Betsy DeVos is a billionaire Republican fundraiser based in Grand Rapids, Mich. Before Trump announced her nomination, she spent her dollars and connections promoting school choice, in the form of both vouchers and charter schools.

Confirmation of Betsy DeVos as secretary of Education in peril as two GOP senators defect.

School vouchers use public money to fund private — often religious — schools, and charter schools are publicly funded, but can be privately run.


Broad has contributed heavily through a political action committee to local school board candidates who support charter schools, and his philanthropic group is backing an effort to increase their growth in Los Angeles, which already has more such schools than any other city in the U.S.

But despite their agreement on charter schools, Broad thinks DeVos’ views are too extreme. “We must have a Secretary of Education who believes in public education and the need to keep public schools public,” he wrote.

During a contentious confirmation hearing last month, DeVos drew ire for her apparent lack of basic understanding of some key education laws. Before the hearing, Broad wrote, he questioned her support for “unregulated charter schools and school vouchers.” Her performance reinforced his doubts.

On Tuesday, the Senate education committee voted along party lines to advance her candidacy.

But her confirmation might be in trouble. On Wednesday, two Republican senators on the education committee who voted for DeVos to get through committee said they would vote no on the Senate floor. One more Republican defection would mean DeVos doesn’t get the job.


DeVos’ nomination has put Democratic charter school supporters in a hard spot because she also supports school vouchers. Vouchers are a third rail in Democratic politics — they arouse fears not just about the draining of dollars from public schools but about erosion of the separation of church and state as well.

=================================

Editor’s note: Education Matters receives funding from a number of foundations, including one or more mentioned in this article. The California Community Foundation and United Way of Greater Los Angeles administer grants from the Baxter Family Foundation, the Broad Foundation, the California Endowment and the Wasserman Foundation. Under terms of the grants, The Times retains complete control over editorial content.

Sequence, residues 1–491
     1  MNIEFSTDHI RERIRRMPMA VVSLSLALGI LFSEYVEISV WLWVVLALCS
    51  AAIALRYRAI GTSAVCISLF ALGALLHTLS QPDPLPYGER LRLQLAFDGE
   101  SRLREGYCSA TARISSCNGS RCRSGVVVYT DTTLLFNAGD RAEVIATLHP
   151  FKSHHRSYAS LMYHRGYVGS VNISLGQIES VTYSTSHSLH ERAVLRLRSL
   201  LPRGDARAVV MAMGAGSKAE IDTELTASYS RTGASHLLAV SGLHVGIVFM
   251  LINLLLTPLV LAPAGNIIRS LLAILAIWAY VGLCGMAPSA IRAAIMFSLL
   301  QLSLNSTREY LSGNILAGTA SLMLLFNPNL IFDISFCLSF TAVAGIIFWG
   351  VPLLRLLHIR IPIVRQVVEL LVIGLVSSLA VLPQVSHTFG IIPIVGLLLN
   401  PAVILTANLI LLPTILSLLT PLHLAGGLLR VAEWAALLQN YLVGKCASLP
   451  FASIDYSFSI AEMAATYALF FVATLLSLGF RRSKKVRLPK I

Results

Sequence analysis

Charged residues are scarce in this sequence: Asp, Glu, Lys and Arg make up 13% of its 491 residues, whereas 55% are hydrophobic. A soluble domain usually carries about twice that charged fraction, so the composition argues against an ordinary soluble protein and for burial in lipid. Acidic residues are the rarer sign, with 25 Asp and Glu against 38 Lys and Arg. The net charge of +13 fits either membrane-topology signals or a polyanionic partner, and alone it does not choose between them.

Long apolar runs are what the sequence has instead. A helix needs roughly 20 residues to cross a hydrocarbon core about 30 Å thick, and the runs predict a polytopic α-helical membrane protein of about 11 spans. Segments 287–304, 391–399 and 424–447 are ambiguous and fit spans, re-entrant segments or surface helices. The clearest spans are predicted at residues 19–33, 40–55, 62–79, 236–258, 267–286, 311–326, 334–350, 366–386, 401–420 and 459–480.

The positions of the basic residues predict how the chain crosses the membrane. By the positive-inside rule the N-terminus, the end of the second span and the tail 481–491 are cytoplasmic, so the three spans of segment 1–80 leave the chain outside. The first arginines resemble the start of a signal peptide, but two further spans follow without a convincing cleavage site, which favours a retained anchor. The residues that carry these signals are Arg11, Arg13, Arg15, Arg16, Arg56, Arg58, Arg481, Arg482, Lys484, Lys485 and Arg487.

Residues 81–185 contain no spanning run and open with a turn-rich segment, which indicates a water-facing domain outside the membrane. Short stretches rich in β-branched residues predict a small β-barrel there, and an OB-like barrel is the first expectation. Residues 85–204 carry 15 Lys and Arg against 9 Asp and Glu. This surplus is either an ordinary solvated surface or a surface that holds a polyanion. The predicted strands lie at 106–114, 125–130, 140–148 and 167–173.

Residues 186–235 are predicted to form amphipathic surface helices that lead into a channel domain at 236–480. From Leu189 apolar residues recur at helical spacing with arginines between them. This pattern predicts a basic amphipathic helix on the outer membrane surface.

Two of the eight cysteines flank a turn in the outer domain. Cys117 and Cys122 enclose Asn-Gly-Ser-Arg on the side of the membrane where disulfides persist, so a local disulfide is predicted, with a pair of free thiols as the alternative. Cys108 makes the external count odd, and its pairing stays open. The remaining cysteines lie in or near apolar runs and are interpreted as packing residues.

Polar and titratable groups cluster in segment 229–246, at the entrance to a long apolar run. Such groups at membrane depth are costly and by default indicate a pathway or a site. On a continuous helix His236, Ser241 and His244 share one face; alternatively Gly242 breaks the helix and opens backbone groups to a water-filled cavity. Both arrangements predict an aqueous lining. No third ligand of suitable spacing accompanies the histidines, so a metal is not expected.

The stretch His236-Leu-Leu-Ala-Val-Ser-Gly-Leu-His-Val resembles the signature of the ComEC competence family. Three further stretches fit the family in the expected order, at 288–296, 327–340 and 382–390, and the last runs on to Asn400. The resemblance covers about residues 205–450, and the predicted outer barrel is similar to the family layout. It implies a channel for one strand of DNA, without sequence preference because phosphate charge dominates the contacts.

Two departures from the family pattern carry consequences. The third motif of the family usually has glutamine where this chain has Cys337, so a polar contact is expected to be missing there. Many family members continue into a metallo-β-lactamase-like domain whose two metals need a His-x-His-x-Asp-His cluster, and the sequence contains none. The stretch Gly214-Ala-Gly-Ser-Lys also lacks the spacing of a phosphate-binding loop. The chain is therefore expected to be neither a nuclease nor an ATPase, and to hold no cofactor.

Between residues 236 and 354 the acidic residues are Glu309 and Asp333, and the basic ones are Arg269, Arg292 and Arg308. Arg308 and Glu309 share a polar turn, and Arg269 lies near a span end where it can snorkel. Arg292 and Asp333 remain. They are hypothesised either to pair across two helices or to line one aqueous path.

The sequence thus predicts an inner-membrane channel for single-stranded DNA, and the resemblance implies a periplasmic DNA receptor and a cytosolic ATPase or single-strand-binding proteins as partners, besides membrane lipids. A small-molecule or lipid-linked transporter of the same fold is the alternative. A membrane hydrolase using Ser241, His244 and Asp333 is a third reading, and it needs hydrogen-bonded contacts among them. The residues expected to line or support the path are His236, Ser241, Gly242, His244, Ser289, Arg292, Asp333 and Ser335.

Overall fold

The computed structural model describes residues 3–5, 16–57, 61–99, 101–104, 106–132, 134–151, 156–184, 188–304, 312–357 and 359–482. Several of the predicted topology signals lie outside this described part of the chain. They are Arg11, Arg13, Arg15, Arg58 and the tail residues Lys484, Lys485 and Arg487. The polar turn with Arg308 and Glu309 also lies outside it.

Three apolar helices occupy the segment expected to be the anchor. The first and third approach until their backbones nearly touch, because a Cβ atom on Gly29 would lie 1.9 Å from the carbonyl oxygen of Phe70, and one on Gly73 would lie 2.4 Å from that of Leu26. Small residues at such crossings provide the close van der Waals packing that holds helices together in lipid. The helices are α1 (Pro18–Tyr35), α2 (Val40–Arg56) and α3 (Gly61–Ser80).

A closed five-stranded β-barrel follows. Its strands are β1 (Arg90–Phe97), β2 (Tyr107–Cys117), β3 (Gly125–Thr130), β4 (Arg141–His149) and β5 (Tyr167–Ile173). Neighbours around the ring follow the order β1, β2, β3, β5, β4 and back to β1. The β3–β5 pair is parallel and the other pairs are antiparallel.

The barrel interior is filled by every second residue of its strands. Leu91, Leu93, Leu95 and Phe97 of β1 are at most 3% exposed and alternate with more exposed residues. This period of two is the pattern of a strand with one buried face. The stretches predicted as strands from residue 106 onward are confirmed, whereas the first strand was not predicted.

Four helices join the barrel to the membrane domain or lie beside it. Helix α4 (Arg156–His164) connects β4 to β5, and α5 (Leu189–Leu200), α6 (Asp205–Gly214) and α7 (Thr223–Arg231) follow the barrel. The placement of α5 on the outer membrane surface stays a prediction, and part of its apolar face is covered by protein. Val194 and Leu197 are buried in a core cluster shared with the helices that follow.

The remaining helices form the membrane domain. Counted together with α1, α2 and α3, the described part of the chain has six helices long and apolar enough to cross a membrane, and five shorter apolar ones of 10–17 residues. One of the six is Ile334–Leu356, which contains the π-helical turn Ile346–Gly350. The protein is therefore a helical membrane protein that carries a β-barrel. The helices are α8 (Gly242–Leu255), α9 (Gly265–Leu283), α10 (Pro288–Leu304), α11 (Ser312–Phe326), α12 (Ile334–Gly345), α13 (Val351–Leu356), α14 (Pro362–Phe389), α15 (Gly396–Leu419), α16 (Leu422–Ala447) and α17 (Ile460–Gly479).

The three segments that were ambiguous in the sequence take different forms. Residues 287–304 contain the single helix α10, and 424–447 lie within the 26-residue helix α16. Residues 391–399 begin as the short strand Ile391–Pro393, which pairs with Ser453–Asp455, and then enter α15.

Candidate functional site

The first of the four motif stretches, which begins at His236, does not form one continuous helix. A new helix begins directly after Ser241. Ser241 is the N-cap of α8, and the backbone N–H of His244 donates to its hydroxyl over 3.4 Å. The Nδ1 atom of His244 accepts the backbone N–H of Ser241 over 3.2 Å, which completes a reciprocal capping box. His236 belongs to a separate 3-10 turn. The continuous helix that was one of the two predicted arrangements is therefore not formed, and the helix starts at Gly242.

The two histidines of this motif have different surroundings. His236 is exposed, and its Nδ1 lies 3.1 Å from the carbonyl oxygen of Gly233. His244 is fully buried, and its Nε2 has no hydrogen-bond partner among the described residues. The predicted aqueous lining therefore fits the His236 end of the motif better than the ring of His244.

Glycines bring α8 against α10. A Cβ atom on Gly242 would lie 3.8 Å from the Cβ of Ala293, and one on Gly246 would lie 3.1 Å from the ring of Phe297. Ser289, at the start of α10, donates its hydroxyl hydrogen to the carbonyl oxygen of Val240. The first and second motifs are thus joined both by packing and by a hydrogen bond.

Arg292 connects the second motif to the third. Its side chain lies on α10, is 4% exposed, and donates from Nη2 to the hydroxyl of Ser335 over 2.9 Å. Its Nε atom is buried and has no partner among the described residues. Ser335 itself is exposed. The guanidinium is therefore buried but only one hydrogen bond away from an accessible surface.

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Posted on Sustainabilitank.info on February 1st, 2017
by Pincas Jawetz (PJ@SustainabiliTank.com)

United Nations, New York City

UN chief decries discriminatory border bans in rebuke to Trump travel decree
António Guterres: ban based on religion or ethnicity violates basic values
Secretary general says such a ban risks fueling terrorist propaganda.

António Guterres denounced border policies ‘based on any form of discrimination related to religion, ethnicity or nationality’.

Julian Borger in Washington, The Guardian, Wednesday 1 February 2017

António Guterres, the new UN secretary general, said on Wednesday, in a clear response to the Trump administration’s refugee ban, that border policies based on religion, ethnicity or race were “against the fundamental principles and values on which our societies are based”.

US travel ban puts 20,000 refugees in ‘precarious circumstances’, UN says